In Africa, this is a pattern precisely as old as the Congo. For the West, African sovereignty is always provisional by default, a function of geopolitical convenience. The Congo is asserted not to exist, for example, by those who wish to proceed as if it doesn’t, as when Herbst and Mills argue that because the Congo doesn’t exist the government in Kinshasa can be ignored, advising instead that “foreign governments and aid agencies would deal with whomever exerted control on the ground.” Instead of holding to quaintly liberal notions of democracy and governmental legitimacy, the barrel of a gun becomes explicitly the definition of sovereignty.

It’s not surprising that Herbst and Mills invoke the Katanga region—where Fiston Mwanza Mujila was born and raised, and where Tram 83 is clearly set—to demonstrate Congo’s non-existence. “It is hard for anyone sitting in Lubumbashi, the capital of mineral-rich Katanga province in the far southeast,” they write, “to see Kinshasa as ruling.”

“It is a two-day journey from Lubumbashi to South Africa’s Johannesburg; the trip from Katanga to Kinshasa—of similar distance—is seldom attempted, even contemplated. With more in common with its southern Anglophone neighbors than with Kinshasa, no wonder one Zambian minister privately refers to Katanga as ‘Zambia’s 10th province.’ Congo’s neighbors have learned to ignore its sovereignty.”

Despite the pretense of invoking the perspective from Lubumbashi, Herbst and Mills see with outsider’s eyes, the eyes of those for whom the Congo’s mineral riches are there to be taken. The Congolese people have few illusions about the state of their state, but Congolese nationalism is anything but a fiction. There were a variety of angry responses to Herbst and Mill’s article, though the best argument remains, simply, that “once put it, “has systematically looted the Congo.”

Tram 83 insists on moving forward because “Congo” is a story that will not die.

The history is not ambiguous. When Congo first declared its independence from Belgium in 1960, for example, a coalition of Belgian mining conglomerates, American shareholders, and the CIA conspired with ambitious local actors to carve off the mineral-rich portions of the Congo from the rest of the country. The Katanga region only seceded because Congo’s first president, Patrice Lumumba, threatened to nationalize the mines; Eisenhower gave the order to kill Lumumba, the CIA transmitted that order, and Lumumba was killed. Belgium sent troops to assist the secessionists, and the UN stood by. Only once when Lumumba had been killed by firing squad and buried (then dug up, chopped to pieces, dissolved in acid,and burned) and a friendly strong man had been placed in power—Mobutu Sese Sekocould Congo’s “neighbors” respect a Kinshasa-based government.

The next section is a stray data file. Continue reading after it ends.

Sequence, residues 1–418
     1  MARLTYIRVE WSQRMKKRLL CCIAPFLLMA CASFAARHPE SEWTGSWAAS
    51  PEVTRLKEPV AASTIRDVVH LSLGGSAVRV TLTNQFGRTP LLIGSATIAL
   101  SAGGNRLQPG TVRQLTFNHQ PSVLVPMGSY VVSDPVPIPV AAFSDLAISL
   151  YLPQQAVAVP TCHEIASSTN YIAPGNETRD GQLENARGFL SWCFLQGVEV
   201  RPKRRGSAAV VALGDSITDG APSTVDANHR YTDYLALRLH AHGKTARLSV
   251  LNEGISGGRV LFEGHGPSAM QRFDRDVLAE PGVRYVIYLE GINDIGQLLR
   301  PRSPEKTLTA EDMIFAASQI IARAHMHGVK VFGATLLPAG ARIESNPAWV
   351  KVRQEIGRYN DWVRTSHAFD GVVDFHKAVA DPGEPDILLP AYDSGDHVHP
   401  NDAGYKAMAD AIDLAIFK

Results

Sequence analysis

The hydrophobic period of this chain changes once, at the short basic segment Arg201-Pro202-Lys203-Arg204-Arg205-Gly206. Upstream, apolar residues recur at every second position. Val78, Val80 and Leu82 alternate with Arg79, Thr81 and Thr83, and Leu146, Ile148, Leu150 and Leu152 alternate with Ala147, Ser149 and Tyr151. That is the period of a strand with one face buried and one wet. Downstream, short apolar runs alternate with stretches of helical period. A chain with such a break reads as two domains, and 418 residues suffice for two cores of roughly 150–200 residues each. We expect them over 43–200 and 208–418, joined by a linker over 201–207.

People like Herbst and Mills like to insist that a map of the DRC shows you more spaces that the government in Kinshasa doesn’t control than spaces that it does. But while there is nothing Weberian or Westphalian about the forms of sovereignty we find in the Congo, Christopher Vogel pointed out that ““Life in the DRC is framed by the massive presence, not absence, of the state. In urban areas, the concentration of policemen and military is so strong that getting ‘taxed’ illegally is almost unavoidable…In rural areas the presence of the state is less dense, and admittedly in some areas very limited. Nonetheless, its influence is heavy—in particular where state representatives also hold customary office. In spite of their vocal complaints about the state, Congolese people generally do not deny its existence and always maintain a sense of patriotism.”

Patriotism, in fact, is one way to criticize the workings of the DRC’s predatory state, and of the myriad mini-states to which monopolies on violence have been issued. As a variety of state and non-state actors have struggled to control the vast mineral wealth of in the east and south of the country, “facts on the ground” are—like Lumumba’s corpse– the ideas that have been killed for.There is no fact on the ground more bloody than the gold, diamonds, coltan, and other minerals buried in Congo’s red soil.

There has always, however, been someone to kill. Congo exists because people like Fiston Mwanza Mujila are Congolese, and Tram 83 insists on moving forward because “Congo” is a story that will not die. When Mujila said (in an interview with Sofia Samatar), “I come from a country that exists only on paper,” he doesn’t mean that it doesn’t exist: he means that it does exist, but that it exists only and precisely in the imagined community produced by art (on the paper of his novel, for example). And as he went on to explain, state “failures” produce a very particular and intense form of existence:

“The Congo—by its very history, its everyday life—is an extraordinary, or shall we say paradoxical, country. There is no such thing as moderation there. We are always immoderate, excessive, exuberant, etc. Everything happens as if the world was going to end in forty-eight hours and we should therefore make the most of our remaining crumbs.”